Interview with Annie Guthrie


Interview by Scott Preston

Born with a guitar in one hand and a…Oh crap, wrong Guthrie…Born among great artists, Annie Guthrie had many options for inspiration. At a young age she saw a picture of her grandmother Marjorie, a Martha Graham dancer, that motivated her to become a dancer. Her stubborn personality meant nothing was going to stop her. Eventually a knee injury slowed her down; that’s when her mother, Mrs. G, put a guitar in her hands and taught her a few chords. It didn’t take long for Annie to reinvent her love — she still dances, just a little differently now. She recalls her dad teaching her how to play Elizabeth Cotten’s song ‘Freight Train’. “My dad started off showing me the chords and saying, ‘Okay do this with your thumb,’ and he’d go away for a few months. He’d come back and ask me if I practiced.

I was in love and couldn’t put the guitar down, so of course I practiced. Once he realized I wasn’t giving up, he kept adding a new finger and another string.” Having been performing for as long as she can remember, Annie Guthrie is a prolific songwriter and versatile musician who defines her genre as folk-punk. She primarily plays acoustic guitar, bass, and autoharp. If you see her with a hammer dulcimer, run! Her songs are honest, ranging from light and funny to gut-wrenching heartbreak (mostly gut-wrenching heartbreak). No matter the topic, Guthrie never fails to bring a smile to the stage. Making her recording debut on Arlo Guthrie’s Power of Love album at the age of four, Annie went on to contribute vocals on Woody’s 20 Grow Big Songs, and More Together Again. Although Annie often performs solo or with her band, Guthrie loves the opportunity to perform and tour with her siblings as The GBabes, The Guthrie Family Reunion, and occasionally alongside Folk Uke. In 2011 she teamed up with singer-songwriter Bobby Sweet to form Bitter Sweet, supporting each other musically and with harmony vocals. Currently Annie is at work with Bobby recording her first solo album Dragonfly, due out soon. (from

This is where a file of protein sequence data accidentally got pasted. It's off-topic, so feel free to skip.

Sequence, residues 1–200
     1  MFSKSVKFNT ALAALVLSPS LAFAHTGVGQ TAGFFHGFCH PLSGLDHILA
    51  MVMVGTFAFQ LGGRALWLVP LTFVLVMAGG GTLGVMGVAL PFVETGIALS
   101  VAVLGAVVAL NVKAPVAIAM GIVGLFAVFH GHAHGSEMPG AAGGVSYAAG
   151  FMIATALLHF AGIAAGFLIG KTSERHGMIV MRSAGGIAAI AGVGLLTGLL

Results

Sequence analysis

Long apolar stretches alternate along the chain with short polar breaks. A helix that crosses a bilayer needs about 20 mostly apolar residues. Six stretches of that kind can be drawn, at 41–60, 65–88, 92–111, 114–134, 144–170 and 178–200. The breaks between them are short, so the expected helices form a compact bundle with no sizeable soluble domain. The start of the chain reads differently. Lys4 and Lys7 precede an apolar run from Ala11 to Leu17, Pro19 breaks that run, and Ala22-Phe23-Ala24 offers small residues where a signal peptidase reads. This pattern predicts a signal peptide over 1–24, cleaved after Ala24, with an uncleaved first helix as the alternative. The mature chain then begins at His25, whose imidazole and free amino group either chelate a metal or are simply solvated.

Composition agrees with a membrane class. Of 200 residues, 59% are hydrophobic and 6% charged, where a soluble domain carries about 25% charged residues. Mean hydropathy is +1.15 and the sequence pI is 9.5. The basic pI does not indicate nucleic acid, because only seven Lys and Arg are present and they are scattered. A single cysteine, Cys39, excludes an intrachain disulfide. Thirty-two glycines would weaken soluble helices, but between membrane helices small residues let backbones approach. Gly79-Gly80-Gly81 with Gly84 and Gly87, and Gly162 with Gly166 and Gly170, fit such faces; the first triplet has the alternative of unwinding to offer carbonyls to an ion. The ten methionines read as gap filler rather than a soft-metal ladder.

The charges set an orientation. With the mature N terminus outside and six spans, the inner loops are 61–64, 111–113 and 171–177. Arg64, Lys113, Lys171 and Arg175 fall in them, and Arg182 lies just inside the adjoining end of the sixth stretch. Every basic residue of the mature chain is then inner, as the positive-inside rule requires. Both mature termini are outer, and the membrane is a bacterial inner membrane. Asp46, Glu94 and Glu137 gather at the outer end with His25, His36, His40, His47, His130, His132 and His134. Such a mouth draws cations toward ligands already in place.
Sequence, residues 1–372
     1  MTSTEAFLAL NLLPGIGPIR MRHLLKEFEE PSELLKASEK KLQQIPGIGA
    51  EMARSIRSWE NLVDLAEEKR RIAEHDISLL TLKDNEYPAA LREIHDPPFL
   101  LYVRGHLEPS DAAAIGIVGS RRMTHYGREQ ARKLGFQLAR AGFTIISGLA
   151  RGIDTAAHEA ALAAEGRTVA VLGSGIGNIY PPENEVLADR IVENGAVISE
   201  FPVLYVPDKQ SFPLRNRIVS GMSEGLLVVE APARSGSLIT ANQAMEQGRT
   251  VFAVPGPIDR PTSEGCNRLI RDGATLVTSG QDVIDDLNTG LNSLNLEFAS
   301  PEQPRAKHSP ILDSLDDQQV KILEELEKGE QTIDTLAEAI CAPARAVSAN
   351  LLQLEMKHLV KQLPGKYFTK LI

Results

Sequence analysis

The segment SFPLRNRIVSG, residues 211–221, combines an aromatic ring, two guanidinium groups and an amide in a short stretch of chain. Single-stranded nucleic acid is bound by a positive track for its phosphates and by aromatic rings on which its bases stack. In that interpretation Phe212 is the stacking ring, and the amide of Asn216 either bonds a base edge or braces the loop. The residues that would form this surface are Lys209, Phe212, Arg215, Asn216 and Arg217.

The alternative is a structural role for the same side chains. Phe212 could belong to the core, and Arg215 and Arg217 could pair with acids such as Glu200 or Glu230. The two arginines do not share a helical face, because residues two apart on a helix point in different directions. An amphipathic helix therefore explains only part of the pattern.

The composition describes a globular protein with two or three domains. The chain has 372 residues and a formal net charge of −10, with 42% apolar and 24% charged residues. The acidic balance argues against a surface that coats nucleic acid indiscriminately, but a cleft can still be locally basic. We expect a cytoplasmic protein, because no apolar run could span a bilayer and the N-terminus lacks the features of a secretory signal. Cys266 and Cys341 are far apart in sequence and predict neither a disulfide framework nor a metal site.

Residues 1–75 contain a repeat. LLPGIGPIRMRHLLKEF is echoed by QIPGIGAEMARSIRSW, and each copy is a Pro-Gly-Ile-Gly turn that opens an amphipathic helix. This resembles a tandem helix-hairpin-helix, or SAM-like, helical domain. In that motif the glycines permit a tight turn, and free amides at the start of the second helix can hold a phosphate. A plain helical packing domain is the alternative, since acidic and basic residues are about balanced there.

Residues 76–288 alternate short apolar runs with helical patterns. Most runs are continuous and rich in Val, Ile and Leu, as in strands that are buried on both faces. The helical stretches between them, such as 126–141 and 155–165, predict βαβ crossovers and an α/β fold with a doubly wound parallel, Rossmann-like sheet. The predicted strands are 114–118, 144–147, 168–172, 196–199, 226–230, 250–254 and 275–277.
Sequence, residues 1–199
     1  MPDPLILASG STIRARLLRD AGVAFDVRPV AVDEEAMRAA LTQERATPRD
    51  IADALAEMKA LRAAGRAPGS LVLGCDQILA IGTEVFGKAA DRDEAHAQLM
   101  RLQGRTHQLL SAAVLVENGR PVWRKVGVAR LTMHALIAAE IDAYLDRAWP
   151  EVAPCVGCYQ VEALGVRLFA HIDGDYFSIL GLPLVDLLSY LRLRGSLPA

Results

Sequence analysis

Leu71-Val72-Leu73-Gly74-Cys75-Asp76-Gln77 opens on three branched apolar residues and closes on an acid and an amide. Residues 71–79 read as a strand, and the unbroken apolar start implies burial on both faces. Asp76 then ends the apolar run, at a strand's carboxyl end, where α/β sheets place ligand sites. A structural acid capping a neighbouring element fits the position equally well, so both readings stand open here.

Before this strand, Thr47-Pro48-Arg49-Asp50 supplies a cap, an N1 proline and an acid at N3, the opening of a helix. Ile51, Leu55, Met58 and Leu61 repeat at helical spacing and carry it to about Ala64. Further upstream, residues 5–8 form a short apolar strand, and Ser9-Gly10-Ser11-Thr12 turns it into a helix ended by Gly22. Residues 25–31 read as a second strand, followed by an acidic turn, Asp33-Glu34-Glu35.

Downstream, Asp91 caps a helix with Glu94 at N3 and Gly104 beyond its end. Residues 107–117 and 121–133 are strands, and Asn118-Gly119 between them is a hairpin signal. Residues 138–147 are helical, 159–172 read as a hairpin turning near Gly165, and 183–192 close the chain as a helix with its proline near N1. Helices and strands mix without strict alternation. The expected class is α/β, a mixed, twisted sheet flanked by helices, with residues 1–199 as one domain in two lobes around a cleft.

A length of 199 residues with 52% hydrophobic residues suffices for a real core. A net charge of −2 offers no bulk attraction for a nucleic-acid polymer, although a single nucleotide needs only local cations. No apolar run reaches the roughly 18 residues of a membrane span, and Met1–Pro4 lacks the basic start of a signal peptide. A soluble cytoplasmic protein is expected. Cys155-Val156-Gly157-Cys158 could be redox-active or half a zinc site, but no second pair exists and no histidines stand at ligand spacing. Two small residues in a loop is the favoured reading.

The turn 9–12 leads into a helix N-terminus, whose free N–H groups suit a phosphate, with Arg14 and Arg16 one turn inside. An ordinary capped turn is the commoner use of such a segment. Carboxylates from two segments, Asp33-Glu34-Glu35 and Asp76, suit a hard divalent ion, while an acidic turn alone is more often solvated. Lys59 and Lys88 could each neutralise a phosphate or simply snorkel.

Jamband News: Why did you wait so long to release your own record?

Annie Guthrie: I have been a single mom for the last 20 years and thats been my priority.  I wanted them to be a little older before I went off and did my music thing.  Its not that you can’t raise kids in the music industry, my parents did it.  I also have been running my dad’s company (Rising Sun Records) for the last 20 years and he always has something going on.  Up until 10 years ago I only performed with my family, so my music was something I only did for myself.  I always thought nobody wanted to hear me sing, so I would sing them at home or to my kids.  Then one day my sisters and were sitting around in a hotel spending New Years Eve together about 10 years ago.  I picked up a guitar and asked them if they wanted to hear a song I wrote.  They looked at me like I was crazy but they ended up really liking it.  I decided since  my kids were older now, my son is 19, my daughter is 13, it was time to get the record out there.

Jamband News: Who did you have on the record, family members I assume?

Annie Guthrie: I actually went into the studio 4 years ago to make the record with my brother Abe and without a producer.  We all ended up getting busy, my mom became ill and I was taking care of her.  After she passed I decided I couldn’t do this by myself.  I decided to get Bobby Sweet to produce my record.  He is a local musician who I have known my whole life.  He has worked on some family projects, played with my dad and with me as well.  He really is a great producer and engineer so I figured we might as well work together.  Now with Bobby producing my family can come in and just have fun and not worry about making any decisions.  My brother Abe came in and played on about 6 tracks.  I have 2 drummers on the record, Terry A La Berry has been playing with my dad since 1975 and is still touring with him.  When he isn’t touring with my dad he is here working in the archives at the record company.  The other drummer was Dan Teichert, who plays in my brothers band and who we have known for a while.  Sarah Lee came in a did a shaker sessions with us for fun.  Other than that everything else was done by Bobby and myself.   I do play a lot of instruments, but the only one I am allowed to play on the record is the guitar (laughing).